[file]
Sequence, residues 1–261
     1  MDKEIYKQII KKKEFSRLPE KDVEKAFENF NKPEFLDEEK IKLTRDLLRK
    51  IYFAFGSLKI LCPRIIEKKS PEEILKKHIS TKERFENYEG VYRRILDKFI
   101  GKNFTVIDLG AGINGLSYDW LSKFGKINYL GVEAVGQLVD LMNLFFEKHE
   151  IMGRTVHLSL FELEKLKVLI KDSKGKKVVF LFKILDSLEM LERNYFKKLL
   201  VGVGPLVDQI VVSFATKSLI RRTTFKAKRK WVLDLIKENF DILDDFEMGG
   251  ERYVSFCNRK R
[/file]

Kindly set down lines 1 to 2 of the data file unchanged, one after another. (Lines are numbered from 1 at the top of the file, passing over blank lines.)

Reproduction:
Sequence, residues 1–261
     1  MDKEIYKQII KKKEFSRLPE KDVEKAFENF NKPEFLDEEK IKLTRDLLRK